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The awards ceremony started at 1:30 p.m., sort of. By the time the master of ceremonies had introduced all the dignitaries and mentioned the honored marques and important sponsors, it was 2:30. Then the 27 classes of cars were called up: third place, second, then first, one at a time. There were incredibly beautiful classic cars parading by—Dusenbergs, Packards, Pierce-Arrows, you name it—and elegant ladies in white gowns and lovely hats presenting ribbons and roses to the owners. Motorcycles came last in this long line.

The first motorcycle to ascend the ramp (along about 4:30) was a 1936 Crocker. Now Crockers are quite the collectable these days. A recent CW story "Building the Perfect Crocker" tells about this rare marque, its history and why they are so valuable. Small world—the Crocker in the article and the Crocker receiving the white ribbon are one and the same! The then-anonymous Louisiana collector who had bought it for a king's ransom, Brian L. Bossier, Sr., was now riding his new possession on a rose-lined stage. Next up, for the red ribbon, was a 1915 Excelsior V-Twin owned by Steve Huntzinger. Best of class for the road motorcycles went to Mike Madden for his 1915 Henderson Long-Tank. Hey, wait! Haven't we seen this bike before? Indeed—at the 2007 Legend of the Motorcycle where it won Best of Show.

Pebble Beach Concours d’Elegance

Judges Somer Hooker, David Hansen and chief class judge Jim Thomas confer.

Several entrants at the Concours had more than one motorcycle on display. Dale Walksler of North Carolina had brought two board track racers, a 1909 Reading Standard and an unrestored 1929 Harley-Davidson. The judges liked both a lot, but preferred the Reading and awarded it second place over the third-place Harley. The Harley, which has no brakes, no transmission, no clutch, and is unrideable anywhere except on a race track, had to be pushed up the ramp. Two winners for Walksler—not bad at all.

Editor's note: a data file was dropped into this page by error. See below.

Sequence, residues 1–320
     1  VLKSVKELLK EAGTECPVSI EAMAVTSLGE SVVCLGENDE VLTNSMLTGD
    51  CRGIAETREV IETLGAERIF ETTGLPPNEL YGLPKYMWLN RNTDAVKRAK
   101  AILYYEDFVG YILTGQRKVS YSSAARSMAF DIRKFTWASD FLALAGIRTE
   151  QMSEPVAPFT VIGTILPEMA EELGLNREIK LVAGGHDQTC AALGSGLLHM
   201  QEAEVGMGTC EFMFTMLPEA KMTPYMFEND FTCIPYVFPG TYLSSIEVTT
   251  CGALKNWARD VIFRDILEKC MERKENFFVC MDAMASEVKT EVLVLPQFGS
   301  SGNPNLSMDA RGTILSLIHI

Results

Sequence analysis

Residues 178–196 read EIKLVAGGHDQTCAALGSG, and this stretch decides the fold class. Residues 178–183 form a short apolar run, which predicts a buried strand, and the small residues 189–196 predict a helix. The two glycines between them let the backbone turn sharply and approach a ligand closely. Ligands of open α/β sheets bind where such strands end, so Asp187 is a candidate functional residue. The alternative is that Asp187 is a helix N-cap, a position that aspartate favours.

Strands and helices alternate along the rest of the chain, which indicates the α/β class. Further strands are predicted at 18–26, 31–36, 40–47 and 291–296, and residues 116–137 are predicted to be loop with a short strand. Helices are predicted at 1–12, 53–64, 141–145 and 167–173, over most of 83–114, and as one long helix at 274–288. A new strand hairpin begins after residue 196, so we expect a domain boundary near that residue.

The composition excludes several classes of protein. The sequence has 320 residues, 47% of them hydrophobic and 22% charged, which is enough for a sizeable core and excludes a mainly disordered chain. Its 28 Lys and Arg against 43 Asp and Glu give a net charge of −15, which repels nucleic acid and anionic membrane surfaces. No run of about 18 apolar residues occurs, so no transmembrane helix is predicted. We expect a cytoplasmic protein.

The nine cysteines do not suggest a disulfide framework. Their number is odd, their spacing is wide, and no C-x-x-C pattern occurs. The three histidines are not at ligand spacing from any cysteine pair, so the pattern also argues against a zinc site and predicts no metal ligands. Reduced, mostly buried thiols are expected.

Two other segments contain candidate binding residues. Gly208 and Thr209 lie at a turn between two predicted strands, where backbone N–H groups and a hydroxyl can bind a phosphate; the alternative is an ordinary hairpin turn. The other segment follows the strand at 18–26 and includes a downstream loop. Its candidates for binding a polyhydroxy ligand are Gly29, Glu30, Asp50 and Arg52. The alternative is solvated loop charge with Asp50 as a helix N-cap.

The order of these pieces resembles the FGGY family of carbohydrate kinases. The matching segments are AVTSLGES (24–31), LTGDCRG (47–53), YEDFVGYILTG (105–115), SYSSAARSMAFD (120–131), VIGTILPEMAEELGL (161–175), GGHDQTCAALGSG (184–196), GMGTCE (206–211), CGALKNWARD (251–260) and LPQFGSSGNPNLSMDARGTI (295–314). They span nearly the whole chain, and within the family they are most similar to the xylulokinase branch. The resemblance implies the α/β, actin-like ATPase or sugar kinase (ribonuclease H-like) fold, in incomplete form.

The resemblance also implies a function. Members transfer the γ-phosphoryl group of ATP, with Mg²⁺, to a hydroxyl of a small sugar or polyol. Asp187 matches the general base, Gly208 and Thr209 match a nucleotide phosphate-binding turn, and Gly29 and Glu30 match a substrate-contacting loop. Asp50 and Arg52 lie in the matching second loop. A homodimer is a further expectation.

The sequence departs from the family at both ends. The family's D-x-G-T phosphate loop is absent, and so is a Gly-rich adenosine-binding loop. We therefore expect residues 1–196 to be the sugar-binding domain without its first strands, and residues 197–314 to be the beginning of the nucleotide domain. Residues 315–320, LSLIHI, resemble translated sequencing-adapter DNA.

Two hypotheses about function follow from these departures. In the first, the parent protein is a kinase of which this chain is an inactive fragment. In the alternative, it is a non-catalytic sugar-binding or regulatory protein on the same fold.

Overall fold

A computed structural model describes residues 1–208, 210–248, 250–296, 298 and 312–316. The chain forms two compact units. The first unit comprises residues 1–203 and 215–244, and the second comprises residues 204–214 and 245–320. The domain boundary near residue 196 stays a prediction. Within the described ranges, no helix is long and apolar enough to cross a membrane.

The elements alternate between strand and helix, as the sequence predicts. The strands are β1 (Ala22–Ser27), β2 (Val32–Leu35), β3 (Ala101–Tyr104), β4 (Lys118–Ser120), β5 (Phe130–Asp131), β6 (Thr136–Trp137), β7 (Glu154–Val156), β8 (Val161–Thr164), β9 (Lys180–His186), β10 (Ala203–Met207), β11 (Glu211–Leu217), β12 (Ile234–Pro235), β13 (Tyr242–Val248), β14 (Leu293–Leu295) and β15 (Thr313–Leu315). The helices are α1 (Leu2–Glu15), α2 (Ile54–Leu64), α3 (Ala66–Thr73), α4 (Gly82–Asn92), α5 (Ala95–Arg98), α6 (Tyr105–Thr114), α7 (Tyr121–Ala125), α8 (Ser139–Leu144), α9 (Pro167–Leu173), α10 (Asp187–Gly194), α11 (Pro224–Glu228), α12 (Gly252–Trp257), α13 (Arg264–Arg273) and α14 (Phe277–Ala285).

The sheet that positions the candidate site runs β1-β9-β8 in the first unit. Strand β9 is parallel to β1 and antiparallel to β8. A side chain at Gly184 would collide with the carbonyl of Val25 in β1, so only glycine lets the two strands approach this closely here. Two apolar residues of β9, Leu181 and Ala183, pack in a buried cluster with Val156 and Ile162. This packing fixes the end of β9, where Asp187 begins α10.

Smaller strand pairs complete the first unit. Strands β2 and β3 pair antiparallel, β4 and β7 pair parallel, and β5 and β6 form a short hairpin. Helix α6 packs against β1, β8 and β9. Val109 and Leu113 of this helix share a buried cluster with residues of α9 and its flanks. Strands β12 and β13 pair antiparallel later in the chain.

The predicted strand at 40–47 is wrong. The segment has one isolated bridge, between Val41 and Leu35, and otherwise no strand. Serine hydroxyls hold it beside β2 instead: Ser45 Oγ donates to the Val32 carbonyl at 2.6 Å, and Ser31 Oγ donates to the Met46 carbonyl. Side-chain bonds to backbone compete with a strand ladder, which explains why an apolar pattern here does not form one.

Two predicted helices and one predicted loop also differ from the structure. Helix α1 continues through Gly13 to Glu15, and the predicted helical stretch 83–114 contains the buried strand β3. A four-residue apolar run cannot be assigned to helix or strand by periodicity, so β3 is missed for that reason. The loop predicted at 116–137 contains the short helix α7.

That left one motorcycle in the "corral," the area where the three winners of a class wait to learn who goes up last and gets the blue ribbon.  It was the Burt Munro Special, low to the ground, sleek and gleaming red. Replicas were used in filming The World's Fastest Indian, but here stood the actual streamliner that Munro built in New Zealand, brought to America in 1967 on a shoestring budget and set three speed records, one of which stands to this day. If anyone still harbored any doubt whether motorcycles belong at Pebble Beach, that sight should have dispelled it, once and for all.

But there was more to come. The FIVA trophy, a special award for the best-preserved prewar vehicle went to Vince Martinico’s original, unrestored 1908 Indian Torpedo Tank Board Track Racer, also a Legends Best-of-Show winner and now the first motorcycle to win an award covering both cars and bikes. Martinico cranked up the Indian on stage, producing that distinctive open pipe, board track racer sound for an appreciative crowd.

Pride of ownership comes from a prize at Pebble Beach, of course. But one doesn’t necessarily have to own the prize-winning motorcycle to be proud of it. The case in point was Steve Huntzinger, a master motorcycle restorer, who had reason to be proudest of all. With the exception of the original-condition 1929 Harley-Davidson, he had personally restored all five of the class-winning motorcycles.